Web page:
Exploring the link between traditions

The East Meets West exhibition at Worthing Museum

The East Meets West exhibition at Worthing Museum

  • East Meets West is being held in Worthing Museum’s art gallery until May 2
  • Exhibition portrays the connection between Indian dance cultures, Romany gypsies, Morris dancers and shepherds
  • A programme of free activities aimed at all ages accompanies the exhibition
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TRAINEE reporter Sophie Read went along to see what Worthing Museum’s latest exhibition has to offer.

WHAT does an Indian dance have to do with downland shepherds?

Not much you might say? Well according to a new exhibition at Worthing Musuem and Art Gallery, there is ‘plenty to link these seemingly diverse communities and traditions together’.

East Meets West portrays the connection between Indian dance cultures, Romany gypsies, Morris dancers and shepherds through an unusual collection of costumes, tools and fine art.

When you walk into the room, the first thing to hit you is the colour. I’m not sure if it’s the little girl in me, but the vibrancy and texture of the costumes makes you want to pull them off the mannequins and try them all on.

Once a slightly saner mind prevails, you can see the clear distinction between the four genres.

On the Indian side, the exhibition features the colourful and quite frankly enormous costumes worn in Indian dance drama, Kathakali.

This is displayed alongside Bharathantayam costume, also a form of dance, which originated in the temples of Tamil Nadu.

A true poet may be able to draw immediate comparisons between the dedication needed to wear such a heavy costume throughout the duration of a performance, to the perseverance of a shepherd tending to his flock out on the hills in all seasons.

I’m not sure I could go quite so far but luckily for me there are more factual links to pull the pieces together.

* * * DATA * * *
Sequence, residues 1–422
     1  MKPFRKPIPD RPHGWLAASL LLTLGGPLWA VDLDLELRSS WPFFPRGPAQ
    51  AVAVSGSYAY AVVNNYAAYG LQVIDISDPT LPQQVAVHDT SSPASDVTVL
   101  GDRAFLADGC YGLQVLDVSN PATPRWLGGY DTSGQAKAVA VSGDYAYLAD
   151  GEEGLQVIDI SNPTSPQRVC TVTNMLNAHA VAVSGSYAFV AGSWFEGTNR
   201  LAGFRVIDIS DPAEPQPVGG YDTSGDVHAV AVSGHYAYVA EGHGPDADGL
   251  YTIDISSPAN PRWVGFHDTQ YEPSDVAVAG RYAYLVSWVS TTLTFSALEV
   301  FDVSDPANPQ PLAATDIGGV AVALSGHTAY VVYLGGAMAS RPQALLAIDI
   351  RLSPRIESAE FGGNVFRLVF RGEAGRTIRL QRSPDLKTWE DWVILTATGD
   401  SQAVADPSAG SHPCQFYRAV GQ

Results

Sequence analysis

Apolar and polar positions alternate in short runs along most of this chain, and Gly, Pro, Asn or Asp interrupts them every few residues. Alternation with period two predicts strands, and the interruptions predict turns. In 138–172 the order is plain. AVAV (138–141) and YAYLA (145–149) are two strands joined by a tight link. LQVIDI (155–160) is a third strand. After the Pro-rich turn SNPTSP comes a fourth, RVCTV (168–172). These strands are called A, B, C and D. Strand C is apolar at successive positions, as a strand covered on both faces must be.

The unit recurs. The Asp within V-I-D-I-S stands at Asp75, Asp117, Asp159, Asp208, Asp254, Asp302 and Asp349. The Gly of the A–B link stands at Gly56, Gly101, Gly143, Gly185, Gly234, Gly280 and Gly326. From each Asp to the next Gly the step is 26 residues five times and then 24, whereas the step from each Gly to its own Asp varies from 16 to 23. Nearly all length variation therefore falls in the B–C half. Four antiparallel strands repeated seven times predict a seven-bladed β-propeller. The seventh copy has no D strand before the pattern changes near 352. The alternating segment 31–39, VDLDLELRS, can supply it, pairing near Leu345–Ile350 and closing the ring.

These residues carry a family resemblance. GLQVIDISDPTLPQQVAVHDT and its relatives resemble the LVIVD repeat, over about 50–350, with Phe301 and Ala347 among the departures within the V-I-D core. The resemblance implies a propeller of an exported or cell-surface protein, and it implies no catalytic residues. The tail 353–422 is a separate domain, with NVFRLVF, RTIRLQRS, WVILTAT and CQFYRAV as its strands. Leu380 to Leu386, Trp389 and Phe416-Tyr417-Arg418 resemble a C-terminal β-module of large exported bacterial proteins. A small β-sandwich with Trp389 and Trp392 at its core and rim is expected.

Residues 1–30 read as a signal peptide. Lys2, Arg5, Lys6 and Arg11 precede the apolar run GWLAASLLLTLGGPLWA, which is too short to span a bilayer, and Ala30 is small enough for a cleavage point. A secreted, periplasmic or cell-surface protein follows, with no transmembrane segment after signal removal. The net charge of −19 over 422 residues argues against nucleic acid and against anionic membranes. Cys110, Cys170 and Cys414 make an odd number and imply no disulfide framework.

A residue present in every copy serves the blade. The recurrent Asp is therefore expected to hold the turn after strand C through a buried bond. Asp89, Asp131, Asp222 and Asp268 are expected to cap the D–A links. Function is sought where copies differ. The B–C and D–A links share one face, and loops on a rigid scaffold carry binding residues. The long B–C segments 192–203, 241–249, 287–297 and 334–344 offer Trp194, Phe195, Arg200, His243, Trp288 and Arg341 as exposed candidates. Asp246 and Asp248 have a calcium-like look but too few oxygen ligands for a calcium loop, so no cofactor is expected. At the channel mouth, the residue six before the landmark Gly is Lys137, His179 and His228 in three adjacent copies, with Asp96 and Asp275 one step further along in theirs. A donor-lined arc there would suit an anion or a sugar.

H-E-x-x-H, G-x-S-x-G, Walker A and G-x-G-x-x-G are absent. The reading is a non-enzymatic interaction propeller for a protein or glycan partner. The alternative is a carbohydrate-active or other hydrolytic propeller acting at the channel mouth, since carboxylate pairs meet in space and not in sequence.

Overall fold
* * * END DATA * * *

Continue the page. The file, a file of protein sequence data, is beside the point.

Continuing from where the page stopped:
The gypsy artwork, is to me the most fascinating as it details how the Romany people of West Sussex are descended from five tribes who left India and migrated west, bringing with them the language and lifestyle of India.

To add another dimension to the exhibition, musician Giller Romany was performing traditional gypsy songs on the day of my visit. He explained how being mistaken for Egyptians during the epic journey from India fashioned the term ‘gypsy’.

An event called the Findon Great Fair is where the Morris dancing and shepherds come in.

If you come away understanding the link between all these things, separated by thousands of miles, then the exhibition has fulfilled its task.

• East Meets West is being held in the museum’s art gallery, in Chapel Road, until May 2.

Kalamandalam Barbara Vijayakumar is the director of The Kala Chethena Kathakali Company, whose vision created the Heritage Lottery fund supported exhibition.

She said: “There’s plenty to link these seemingly diverse communities and traditions together.”

Accompanying the exhibition is a programme of free activities aimed at all ages including: Songs and poems of the Downland shepherds on March 21; Kathakali costume conservation and a lecture on the Migration of Traditions on March 27, Kathakali and Bharathanatyam performance on March 28; a celebration of Roma Day with a gypsy wagon, traditional dances, talks and poems on April 4 and a Morris dancing performance and talk on May 1.

There are also children and family art days, where children can create their own Kathakali, gypsy and shepherd inspired craft items to take home on April 1 and May 2. To book a workshop, call 01903 221448.